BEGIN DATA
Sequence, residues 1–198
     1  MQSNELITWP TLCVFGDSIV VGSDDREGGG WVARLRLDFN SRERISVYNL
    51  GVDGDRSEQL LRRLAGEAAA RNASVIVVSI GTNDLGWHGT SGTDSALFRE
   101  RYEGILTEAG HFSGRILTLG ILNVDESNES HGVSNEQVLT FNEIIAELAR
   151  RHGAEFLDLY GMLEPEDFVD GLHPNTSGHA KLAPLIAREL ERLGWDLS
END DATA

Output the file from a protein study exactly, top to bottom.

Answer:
Sequence, residues 1–198
     1  MQSNELITWP TLCVFGDSIV VGSDDREGGG WVARLRLDFN SRERISVYNL
    51  GVDGDRSEQL LRRLAGEAAA RNASVIVVSI GTNDLGWHGT SGTDSALFRE
   101  RYEGILTEAG HFSGRILTLG ILNVDESNES HGVSNEQVLT FNEIIAELAR
   151  RHGAEFLDLY GMLEPEDFVD GLHPNTSGHA KLAPLIAREL ERLGWDLS